Army Corps OKs Access to Alaskan Oil Reserve
Conoco Phillips was issued a key federal permit (under Section 404 of the Clean Water Act) by the U.S. Army Corps of Engineers Dec. 19 to begin work on the first-ever commercial oil well in the National Petroleum Reserve-Alaska (NPR-A).
According to an Army Corps press release about the project, the modified wetlands-fill permit authorizes construction of a drill pad, six-mile long access road, four bridge crossings, two valve pads with access roads and new pipeline support structures connecting its CD-5 project with the Alpine oil field on state land just east of the petroleum reserve. It also includes 22 conditions intended to minimize the impact on the environment within the Arctic Coastal Plain. In addition, Conoco Phillips agreed to pay mitigation fees to the Conservation Fund to compensate for unavoidable losses to aquatic resources.
Here's the Corps' fact sheet about the permit.
Initially, the U.S. Environmental Protection Agency and the Fish and Wildlife Service objected to a bridge and a pipeline that the energy giant has wanted to build over the Colville River to reach its leases in the 23-million-acre North Slope reserve. The decision by the Alaskan District of the Corps comes two weeks after these agencies removed their objection.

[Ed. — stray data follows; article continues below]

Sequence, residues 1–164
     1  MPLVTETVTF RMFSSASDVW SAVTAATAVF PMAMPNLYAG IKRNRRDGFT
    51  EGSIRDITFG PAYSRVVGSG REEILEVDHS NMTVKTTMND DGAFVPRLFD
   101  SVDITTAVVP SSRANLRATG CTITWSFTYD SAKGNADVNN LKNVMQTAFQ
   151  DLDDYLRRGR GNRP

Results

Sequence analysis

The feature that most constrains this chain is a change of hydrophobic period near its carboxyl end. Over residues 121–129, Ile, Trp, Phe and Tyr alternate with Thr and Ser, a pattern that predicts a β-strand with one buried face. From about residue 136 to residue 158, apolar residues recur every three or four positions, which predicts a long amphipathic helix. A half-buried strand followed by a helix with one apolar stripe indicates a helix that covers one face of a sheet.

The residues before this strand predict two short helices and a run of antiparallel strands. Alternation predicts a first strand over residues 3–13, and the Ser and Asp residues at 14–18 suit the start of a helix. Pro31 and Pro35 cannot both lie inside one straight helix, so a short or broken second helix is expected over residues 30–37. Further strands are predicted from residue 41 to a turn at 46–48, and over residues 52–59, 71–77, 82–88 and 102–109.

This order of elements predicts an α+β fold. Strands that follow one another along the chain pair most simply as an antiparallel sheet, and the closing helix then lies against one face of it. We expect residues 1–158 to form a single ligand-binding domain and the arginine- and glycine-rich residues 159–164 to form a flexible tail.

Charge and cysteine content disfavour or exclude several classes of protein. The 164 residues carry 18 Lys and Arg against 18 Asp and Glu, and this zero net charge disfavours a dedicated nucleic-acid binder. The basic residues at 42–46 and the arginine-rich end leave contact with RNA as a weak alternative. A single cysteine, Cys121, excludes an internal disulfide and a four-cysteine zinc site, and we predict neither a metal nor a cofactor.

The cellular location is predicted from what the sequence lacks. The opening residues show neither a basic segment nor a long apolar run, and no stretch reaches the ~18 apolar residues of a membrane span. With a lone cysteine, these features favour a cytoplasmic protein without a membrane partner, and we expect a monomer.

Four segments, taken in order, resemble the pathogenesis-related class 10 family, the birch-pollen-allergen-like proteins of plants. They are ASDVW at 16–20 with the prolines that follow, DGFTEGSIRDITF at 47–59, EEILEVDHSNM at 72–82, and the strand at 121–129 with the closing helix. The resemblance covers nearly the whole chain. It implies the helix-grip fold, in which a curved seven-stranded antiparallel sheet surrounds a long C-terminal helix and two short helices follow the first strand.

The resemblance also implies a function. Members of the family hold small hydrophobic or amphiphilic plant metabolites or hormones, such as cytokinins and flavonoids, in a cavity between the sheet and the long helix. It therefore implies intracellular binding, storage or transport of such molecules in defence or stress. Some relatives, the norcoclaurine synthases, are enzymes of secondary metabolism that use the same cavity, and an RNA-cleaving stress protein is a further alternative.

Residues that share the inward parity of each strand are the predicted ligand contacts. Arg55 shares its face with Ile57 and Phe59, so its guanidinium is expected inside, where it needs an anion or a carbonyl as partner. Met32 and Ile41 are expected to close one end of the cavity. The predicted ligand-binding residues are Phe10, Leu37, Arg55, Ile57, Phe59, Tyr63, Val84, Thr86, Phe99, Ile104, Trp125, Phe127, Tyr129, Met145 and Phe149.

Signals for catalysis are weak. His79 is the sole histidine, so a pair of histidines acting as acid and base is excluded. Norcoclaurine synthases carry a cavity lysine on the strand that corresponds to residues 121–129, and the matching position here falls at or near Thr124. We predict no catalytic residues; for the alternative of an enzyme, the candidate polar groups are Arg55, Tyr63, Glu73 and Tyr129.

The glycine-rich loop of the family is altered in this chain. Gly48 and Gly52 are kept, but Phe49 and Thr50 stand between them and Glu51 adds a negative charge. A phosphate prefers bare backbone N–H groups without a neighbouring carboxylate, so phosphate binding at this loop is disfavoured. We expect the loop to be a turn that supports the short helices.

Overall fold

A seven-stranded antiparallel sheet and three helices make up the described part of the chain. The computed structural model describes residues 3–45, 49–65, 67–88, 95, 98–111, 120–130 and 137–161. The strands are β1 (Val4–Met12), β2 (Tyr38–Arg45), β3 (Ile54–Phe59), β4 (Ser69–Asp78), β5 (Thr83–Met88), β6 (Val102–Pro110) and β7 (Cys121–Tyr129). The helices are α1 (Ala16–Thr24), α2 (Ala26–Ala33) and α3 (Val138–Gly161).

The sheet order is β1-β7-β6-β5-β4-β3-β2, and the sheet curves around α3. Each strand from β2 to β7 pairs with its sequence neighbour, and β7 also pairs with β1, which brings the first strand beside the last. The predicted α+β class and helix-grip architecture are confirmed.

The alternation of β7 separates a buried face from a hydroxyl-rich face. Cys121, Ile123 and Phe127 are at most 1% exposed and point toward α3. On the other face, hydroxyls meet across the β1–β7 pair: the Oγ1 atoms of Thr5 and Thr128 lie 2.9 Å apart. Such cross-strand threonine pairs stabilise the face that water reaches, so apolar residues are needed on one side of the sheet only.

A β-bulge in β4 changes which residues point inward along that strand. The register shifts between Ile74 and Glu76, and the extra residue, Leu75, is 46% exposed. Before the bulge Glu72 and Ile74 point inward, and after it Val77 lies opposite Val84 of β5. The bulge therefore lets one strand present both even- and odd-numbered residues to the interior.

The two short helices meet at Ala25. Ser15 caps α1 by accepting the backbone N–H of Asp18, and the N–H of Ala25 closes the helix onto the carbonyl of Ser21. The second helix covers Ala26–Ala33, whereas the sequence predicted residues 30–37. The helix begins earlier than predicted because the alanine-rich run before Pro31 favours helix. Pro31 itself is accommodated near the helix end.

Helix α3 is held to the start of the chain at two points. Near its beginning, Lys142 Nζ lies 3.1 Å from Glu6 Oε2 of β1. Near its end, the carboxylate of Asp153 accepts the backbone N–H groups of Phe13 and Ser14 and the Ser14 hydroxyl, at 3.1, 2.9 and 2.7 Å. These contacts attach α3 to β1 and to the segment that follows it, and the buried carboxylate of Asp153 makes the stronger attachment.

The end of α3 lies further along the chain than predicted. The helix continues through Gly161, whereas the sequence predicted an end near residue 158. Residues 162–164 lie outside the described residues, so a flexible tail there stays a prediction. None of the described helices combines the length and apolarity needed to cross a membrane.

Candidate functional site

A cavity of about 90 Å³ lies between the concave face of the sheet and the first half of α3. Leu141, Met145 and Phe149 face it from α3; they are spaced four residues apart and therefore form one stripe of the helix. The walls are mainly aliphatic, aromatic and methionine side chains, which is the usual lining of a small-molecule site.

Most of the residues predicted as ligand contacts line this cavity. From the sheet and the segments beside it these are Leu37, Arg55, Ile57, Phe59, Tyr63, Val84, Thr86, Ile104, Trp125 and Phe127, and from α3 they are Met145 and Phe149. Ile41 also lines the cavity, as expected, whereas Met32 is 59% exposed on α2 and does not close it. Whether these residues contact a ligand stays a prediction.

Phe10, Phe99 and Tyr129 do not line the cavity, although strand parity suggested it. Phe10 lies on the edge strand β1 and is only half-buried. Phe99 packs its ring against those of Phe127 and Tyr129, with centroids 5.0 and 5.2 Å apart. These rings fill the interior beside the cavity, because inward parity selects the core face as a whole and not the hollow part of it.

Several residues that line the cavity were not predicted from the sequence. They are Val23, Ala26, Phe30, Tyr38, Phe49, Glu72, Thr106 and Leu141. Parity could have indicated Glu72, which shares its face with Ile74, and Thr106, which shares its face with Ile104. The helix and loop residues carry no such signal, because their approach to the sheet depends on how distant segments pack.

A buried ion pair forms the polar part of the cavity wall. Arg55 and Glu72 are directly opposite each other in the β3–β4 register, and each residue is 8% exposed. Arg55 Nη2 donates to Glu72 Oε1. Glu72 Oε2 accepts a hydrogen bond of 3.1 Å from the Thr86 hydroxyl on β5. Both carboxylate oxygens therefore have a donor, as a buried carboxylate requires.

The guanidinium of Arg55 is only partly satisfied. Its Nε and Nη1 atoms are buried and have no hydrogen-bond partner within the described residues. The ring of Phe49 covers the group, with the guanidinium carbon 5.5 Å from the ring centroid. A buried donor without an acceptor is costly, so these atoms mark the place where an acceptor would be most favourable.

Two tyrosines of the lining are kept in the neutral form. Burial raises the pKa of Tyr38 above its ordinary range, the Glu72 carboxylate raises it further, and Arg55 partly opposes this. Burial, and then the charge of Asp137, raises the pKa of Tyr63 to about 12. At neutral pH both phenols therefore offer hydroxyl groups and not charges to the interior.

The petroleum reserve on the North Slope was originally created by President Warren Harding in 1923 and covers 23 million acres—an area slightly smaller than the state of Indiana. As of July, the reserve had 310 authorized oil and gas leases totaling more than three million acres. A federal lease sale Dec. 7 took high bids of $3 million for 141,739 more acres. This project is expected to be the first in a chain of small oil fields in the NPR-A that would feed into the Conoco Phillips-operated Alpine field on state land.
In October 2010, the U.S. Geological Survey estimated there were nearly 900 million barrels of oil and 53 trillion cubic feet of natural gas within NPR-A and adjacent state waters. The oil estimate was about 90 percent less than what USGS had projected in 2002.